There is, thank heavens, no 15 minute wait at the train crossing. The crews apparently take the opportunity to climb down from their freight trains in this little town. Unfortunately, this means that the train’s mile-long tail blocks the road to the cottage. Today I quickly turn onto the road that runs parallel to the tracks and it changes from pavement to black top to gravel, getting ever smaller. Signs warn me repeatedly that the tiny dirt road is now private so what am I doing there and, moreover, I am ordered to stop for snakes and turtles neither of which I see. Finally, after the usual panic that surely I have missed the hidden turn, I find it and bump over rock and hillocks into a clearing in the woods where the cottage sits basking in the sun.
Beach picture from previous year
I step out of the Yarris into 95 degree heat with my usual grace after long sitting and hobble around until I can get things stretched and operational. Then I carry my Tim’s tea around the cottage down to the beach where I can see the others. On either side of the clearing, a 50 or 60 year-old wood of birch and maple and beech stands, unmoved and calming.
There are 4 children playing in the water and 5 adults sheltering under a white canopy, one of whom is my sister, Georgia, the founder of the feast, for it is Georgia who has rented the cottage with her carefully saved substitute-teacher’s pay.
The cottage can sleep 12 in its 2 bedrooms and loft, but there is also a brand new cabin hidden in the woods where the children and their parents are staying. It, like the main building, is fully screened against insect predation. Both have screened porches and the larger one has a big deck looking out on the lake.
A group of 6 has been there already for a week. Georgia and my older niece arrived yesterday. My niece moves from the bedroom she has shared with Georgia and re-makes her bed in the loft, not an easy choice to make because the loft is open to the noise of the main room below. She is honouring her elder.
The Wilderness Effect
I have shared houses with my daughter’s family and never experienced the wilderness effect in them. They were in Los Vegas, however, the last place on earth for the wilderness effect. Even though there were just as many people and emotionally charged events – a memorial service for grandpa and a wedding, there were no meltdowns. Plumbing disasters, inconvenient babysitting expectations, varying standards of housekeeping, but no need for interventions or group therapy sessions.
On the other hand, not one of our camping trips in the High Sierras passed without it. Others at the same campsite above the Kern River dealt with the wilderness effect by drinking copious qualities of beer and howling like wolves to scare off bears. In our camp, usually on the 3rd or 4th day, we found ourselves sitting in a circle listening to an older child express his angst or holding a screaming younger child or shaking heads in disbelief when gran nearly perished from insomnia. (Something about the altitude and all those stars wheeling overhead.) It must be all that fresh air, all this patient trees, the safety net of the family that brings it on.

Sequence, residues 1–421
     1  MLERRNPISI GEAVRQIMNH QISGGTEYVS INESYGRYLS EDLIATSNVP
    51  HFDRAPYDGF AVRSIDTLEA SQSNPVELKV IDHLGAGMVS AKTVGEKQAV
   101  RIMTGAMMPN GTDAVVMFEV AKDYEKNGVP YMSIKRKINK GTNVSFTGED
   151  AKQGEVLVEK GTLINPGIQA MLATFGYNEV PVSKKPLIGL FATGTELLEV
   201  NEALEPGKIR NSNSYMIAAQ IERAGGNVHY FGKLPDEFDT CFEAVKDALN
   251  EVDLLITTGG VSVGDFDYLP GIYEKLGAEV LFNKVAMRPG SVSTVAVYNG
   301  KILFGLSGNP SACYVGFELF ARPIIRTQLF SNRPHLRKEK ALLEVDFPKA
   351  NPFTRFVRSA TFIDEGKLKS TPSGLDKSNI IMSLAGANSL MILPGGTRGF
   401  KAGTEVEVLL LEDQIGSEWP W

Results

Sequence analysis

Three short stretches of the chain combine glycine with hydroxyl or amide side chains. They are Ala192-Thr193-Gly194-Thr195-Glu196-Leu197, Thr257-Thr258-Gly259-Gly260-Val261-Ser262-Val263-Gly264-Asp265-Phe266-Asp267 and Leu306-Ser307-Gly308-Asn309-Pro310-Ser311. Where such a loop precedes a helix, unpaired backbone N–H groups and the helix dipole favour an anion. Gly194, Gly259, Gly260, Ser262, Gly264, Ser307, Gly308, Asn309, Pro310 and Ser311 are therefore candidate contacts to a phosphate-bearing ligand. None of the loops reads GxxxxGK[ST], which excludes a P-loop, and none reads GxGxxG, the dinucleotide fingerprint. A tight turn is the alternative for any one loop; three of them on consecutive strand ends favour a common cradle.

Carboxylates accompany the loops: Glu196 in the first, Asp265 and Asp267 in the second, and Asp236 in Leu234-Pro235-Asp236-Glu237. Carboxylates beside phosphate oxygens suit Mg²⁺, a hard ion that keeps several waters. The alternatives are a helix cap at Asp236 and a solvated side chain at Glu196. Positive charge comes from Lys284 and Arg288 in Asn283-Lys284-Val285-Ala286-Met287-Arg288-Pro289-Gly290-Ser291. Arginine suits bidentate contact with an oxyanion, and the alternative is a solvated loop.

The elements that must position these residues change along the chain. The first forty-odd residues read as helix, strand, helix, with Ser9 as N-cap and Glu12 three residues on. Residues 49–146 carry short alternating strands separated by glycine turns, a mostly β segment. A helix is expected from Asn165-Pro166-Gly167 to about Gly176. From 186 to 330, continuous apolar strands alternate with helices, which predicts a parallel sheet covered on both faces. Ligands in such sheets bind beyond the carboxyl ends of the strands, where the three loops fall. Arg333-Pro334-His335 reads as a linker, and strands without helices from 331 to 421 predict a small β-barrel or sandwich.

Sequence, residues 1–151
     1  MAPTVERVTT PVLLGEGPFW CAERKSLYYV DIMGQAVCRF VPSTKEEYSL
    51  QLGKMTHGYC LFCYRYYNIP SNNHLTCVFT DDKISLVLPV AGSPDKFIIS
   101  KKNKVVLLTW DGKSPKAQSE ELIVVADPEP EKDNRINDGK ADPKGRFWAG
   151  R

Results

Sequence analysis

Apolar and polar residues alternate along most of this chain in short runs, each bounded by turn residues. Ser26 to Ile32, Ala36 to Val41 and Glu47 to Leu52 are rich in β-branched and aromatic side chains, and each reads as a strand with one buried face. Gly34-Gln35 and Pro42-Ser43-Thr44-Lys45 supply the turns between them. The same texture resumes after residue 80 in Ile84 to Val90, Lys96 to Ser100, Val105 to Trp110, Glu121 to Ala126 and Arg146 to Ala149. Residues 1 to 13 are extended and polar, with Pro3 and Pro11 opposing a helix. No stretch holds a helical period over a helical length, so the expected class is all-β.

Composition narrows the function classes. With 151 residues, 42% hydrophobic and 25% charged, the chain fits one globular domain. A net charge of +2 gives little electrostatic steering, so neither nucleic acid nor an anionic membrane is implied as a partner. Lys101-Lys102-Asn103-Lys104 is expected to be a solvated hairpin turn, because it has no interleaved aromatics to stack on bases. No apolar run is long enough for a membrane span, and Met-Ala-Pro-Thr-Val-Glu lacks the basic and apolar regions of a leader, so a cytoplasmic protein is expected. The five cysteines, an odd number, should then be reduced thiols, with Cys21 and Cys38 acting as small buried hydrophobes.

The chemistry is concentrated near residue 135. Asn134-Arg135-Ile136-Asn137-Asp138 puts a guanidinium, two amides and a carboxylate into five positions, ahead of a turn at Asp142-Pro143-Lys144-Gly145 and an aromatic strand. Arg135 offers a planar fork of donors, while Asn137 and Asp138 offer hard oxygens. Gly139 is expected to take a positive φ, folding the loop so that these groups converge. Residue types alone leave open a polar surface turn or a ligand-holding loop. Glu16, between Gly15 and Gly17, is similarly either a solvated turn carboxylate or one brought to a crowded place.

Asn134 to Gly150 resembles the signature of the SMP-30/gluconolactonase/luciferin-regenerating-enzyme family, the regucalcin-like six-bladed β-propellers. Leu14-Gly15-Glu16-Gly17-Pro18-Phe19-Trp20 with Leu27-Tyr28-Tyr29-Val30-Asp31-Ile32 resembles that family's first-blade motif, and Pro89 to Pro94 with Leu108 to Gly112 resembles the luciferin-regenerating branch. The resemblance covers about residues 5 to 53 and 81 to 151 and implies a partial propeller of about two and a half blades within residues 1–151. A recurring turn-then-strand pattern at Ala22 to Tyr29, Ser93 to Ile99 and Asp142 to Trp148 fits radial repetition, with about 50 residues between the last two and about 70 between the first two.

In this case, it starts with wind. Saturday morning, Georgia has just come up from sitting under her new orange umbrella, 4 others are sheltered in the shade of the canopy and the children are hunting mussels in the lake. I am in the cottage with a view out the glass front. Suddenly, the umbrella’s neck is twisted and broken and the children watch in disbelief as a great funnel of sand flies up. Those under the canopy shield their faces. The canopy, metal frame and white cover intact rises, hovers six feet over their heads, turns on its side and speeds thirty feet across the clearing to land 15 feet up in the trees.
True the cottage sits at the end of a long stretch of water, wooded on both sides, that forms a wind-alley but this is ridiculous.
Much of the rest of the morning is spent debriefing and fishing the canopy down with oars.
Dinner at a hibachi bar, in a town an hour away, is scheduled this evening, to celebrate Georgia’s approaching 70th birthday. We have reservations for 14. Three more, including Georgia’s other grandchildren are expected to arrive soon.
I am on the screened porch when I hear an uproar from the cabin. One parent arrives, very het up, seeking intervention. A passionate difference of opinion has arisen over appropriate child discipline. The most objective of our group is sent forth to reason. One half of the blended family, having secured the car keys, departs precipitously, leaving the other half without transportation. A less objective person, that is to say a mother, makes the trek to the cabin. The remaining children and parent are whisked away for lunch in the aforementioned town.
Those of us left behind contemplate the wilderness effect.
I make a quick trip down the private road and over the tracks, to buy Georgia a bunch of Gerber daisies and a bottle of Moet & Chandron. I stow them in the cabin to keep them out of sight. When I carry them to the main cottage later, I meet an exasperated 7 year-old.
“What are they for?” she asks.
“They’re for Grandma Georgia’s birthday,” I reply.
“I guess you didn’t know my birthday was on Wednesday,” she says.
“I didn’t,” I reply. “Sorry. What would you like for a late birthday present.”
“I’d like to find my pink dress,” she declares and stomps away.
Alas, it turns out that her pink dress had been carried off by the departing parent in hastily packed luggage.
As a fitting end to a perfect day, the hibachi chef sets his hat of fire.
More to come.